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WD Black 1Tb NVMe M.2 SSD reviewed on the Z170 platform with a 6700K, GTX 1080ti and a fresh but populated version of windows.

So, you’ve got yourself a fancy new computer to build, or you’re trying to squeeze some extra time out of your now sluggish rig (Providing you have an M.2 option that is). Storage is a commonly overlooked piece of that puzzle. As much as slapping a cheap SSD in as a boot drive and pairing it with some monstrosity of a spinning drive for bulk storage is enough for a “Wow look how fast it turns on!” moment for most people, some of us are always seeking more. That’s where NVMe comes in to play.

WD Black M.2

What the Hell is NVMe and Why Should I Care?

NVMe stands for Non-Volatile Memory Express. It’s a new protocol for use with accessing high speed storage media. Well it’s not that new now but it’s just over a decade younger than its brother, SATA (Serial Advanced Technology Attachment). Basically it’s a new protocol, with larger bandwidth limitations and a new connector.

But Robbie, I already have an SSD and a HDD, why do I need some fancy new version? Well young PC enthusiast, do you ever just go to a shoe store and look at that pair with a display stand all by themselves, fall in love with their aesthetics and just know they’ll be the comfiest pair you’ve ever worn, but find out they’re some unachievable price? Well, that’s kind of like NVMe SSD’s. Except now this particular shoe is on the sale rack and in the reach of the average consumer.

How Much Better is it?

Standard SATA SSD’s have been around now for years and years. It’s the most common upgrade to give any machine a boost in speed and a minimum “must have” for any new build. You may have seen on the box or in performance specs that you’re likely to achieve up to 550mb/s, multitudes faster than a standard 7200rpm spinny boy (Typically between 50 – 100mb/s).

That number, 550mb/s is not a limitation of that beautiful NAND flash within the drive. That’s the limitation of SATA III.

NVMe on the other hand leverages PCIe lanes and lets those flash chips run at full speed. That’s why now you can find SSD’s using the M.2 connector or as a PCIe card that can run up to 3500MB/s as of writing this. I’m not going to delve too much into some of the PCIe add in card style SSD’s as that involves explaining the new Optane flash from Intel and even that’s still witchcraft to me right now.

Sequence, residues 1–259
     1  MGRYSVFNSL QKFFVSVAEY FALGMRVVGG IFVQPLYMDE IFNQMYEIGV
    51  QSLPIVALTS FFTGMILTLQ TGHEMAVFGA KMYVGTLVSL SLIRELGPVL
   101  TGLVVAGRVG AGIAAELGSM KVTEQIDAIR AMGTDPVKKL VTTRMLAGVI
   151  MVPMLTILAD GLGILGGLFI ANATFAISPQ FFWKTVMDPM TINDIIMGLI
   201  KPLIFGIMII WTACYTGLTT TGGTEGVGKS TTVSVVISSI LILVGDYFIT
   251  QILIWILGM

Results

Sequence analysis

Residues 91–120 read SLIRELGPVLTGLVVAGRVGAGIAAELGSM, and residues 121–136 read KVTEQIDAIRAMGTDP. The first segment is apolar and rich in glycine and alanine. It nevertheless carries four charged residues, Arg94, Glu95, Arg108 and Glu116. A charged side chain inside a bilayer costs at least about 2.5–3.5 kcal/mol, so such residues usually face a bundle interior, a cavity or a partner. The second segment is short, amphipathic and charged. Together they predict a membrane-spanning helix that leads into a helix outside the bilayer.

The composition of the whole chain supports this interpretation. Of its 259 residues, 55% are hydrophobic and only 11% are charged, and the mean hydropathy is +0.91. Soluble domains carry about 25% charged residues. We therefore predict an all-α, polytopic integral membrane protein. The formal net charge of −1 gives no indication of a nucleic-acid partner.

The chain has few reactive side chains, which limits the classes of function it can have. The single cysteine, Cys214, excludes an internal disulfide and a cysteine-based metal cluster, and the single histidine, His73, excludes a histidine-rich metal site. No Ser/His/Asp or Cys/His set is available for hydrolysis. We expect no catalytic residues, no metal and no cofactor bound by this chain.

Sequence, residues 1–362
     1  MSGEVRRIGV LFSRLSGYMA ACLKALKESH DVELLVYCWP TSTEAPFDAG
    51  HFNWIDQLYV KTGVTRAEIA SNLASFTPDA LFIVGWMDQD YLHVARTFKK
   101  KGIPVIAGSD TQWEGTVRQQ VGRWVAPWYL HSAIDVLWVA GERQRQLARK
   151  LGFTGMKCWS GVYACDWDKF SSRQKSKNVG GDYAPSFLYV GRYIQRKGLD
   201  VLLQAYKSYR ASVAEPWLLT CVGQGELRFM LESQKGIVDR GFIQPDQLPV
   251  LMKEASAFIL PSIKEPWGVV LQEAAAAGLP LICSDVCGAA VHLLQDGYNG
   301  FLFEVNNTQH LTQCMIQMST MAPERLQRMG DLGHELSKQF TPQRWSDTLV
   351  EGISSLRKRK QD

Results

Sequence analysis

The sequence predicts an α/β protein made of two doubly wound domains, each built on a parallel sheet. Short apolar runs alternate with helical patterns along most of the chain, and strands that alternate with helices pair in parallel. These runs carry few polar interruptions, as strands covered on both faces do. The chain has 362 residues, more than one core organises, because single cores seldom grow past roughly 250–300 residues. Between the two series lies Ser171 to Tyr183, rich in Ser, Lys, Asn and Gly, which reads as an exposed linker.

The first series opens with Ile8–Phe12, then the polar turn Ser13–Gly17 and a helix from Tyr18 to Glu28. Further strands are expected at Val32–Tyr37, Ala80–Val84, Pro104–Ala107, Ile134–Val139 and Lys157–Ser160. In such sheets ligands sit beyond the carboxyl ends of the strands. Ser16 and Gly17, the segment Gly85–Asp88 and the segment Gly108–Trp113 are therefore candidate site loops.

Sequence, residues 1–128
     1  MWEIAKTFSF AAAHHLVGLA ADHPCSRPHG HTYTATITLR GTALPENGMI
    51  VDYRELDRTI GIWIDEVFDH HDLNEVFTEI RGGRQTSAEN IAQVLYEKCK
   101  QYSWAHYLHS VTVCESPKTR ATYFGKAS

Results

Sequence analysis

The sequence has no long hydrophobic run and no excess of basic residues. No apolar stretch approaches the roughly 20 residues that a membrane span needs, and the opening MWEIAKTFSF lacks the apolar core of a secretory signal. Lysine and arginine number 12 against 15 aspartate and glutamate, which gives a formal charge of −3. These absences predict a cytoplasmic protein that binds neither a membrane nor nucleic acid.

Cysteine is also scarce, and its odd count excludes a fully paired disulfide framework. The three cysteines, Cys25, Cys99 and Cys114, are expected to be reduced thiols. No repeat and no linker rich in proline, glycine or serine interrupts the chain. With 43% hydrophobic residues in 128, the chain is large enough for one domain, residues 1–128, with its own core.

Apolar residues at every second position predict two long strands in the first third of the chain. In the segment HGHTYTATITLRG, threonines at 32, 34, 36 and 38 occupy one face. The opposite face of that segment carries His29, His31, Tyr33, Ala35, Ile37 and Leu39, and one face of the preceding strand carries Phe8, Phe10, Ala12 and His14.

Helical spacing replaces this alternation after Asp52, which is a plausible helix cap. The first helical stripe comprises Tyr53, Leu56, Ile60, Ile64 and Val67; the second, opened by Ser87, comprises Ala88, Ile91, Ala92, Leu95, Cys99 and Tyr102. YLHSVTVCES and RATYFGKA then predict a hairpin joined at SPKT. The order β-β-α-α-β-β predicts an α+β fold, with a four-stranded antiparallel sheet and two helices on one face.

Basically let’s leave it at: NVMe > SATA

Mechanical vs SATA SSD vs NVMe
Wait Isn’t This a Review?

Well yeah… But you’ve gotta know the difference between SATA and NVMe before this makes any sense.

Enter: Western Digital’s WD Black high performance NVMe SSD

WD Black M.2 NVMe
WD Black M.2 NVMe

Finally a competitor capable of knocking Samsung down a peg and bringing competition to the high end storage market. It’s hard to talk about the aesthetics of an M.2 drive really. I mean at the end of the day it’s a PCB with a sticker on it. This one has a white and black sticker with barcodes on it… What more do you want to know?

SKU’s and Performance

This refresh of drives presents us with a few options:

250GB 3,000 MB/s Read, 1600 MB/s Write, 200 TBW

500GB 3,400 MB/s Read, 2500 MB/s Write, 300 TBW

1TB3,400 MB/s Read, 2800 MB/s Write, 600 TBW

TBW is the measure of how many TB written that the drive is warranted for. With standard use (Non-Data center or crazy workloads) you will never even come close to any of these limits and if you do, you’re probably already rebuilding an out dated system.

As Western Digital has graced us with the highest end drive in the list above that’s what we’re going to focus our attention on.

Workloads

As much as I’d love to say that a super speedy SSD will increase your game performance and net you those extra kills… It won’t. At all. Games aren’t limited by your storage past that of a regular SSD. You won’t see massive improvements between loading screens, nor will your frame rate soar.
What you will see however is an improvement on boot times, in my case it was negligible as I already had an NVMe drive installed.

Samsung 960 Evo – 13.56 seconds to desktop

WD Black 1TB – 11.32 seconds to desktop

As much as it was faster, it’s not like you’re gonna go out and replace a drive to shave off two seconds.

On the video processing side of things I noticed a remarkable difference. Being a full 1tb in size I was able to store a bunch of footage on there as I edited. Normally that’s something I have to offload to a slower storage medium just with size restraints.

Scrubbing through 4K footage was a dream! Something I’d only seen on those big boy famous YouTube tutorials. I mean… I still need more RAM, but it has significantly sped up my workflow.

WD Black Fresh Install
WD Black Fresh Windows Install
Verdict

I think, if you’re looking to build a new machine, or if you’re updating something for a professional workload it will be hard to go past the Western Digital WD Black M.2 SSD. The performance is pretty great, it looks cool and it’s going to add some competitive element in the NVMe space.
Sitting at $595NZD MSRP (Converted from USD), it’s a very compelling choice considering Samsung’s offerings.

Availability in NZ is still unknown at this point but we will keep this review updated as soon as we find out.

Check out our video review below:

8.5

Pros

  • Great boot times
  • Awesome for scrubbing through hi res footage
  • Awesome for scrubbing through hi res footage
  • Compelling Pricing

Cons

  • Could make the sticker cooler
  • Still wish NVMe storage was cheaper

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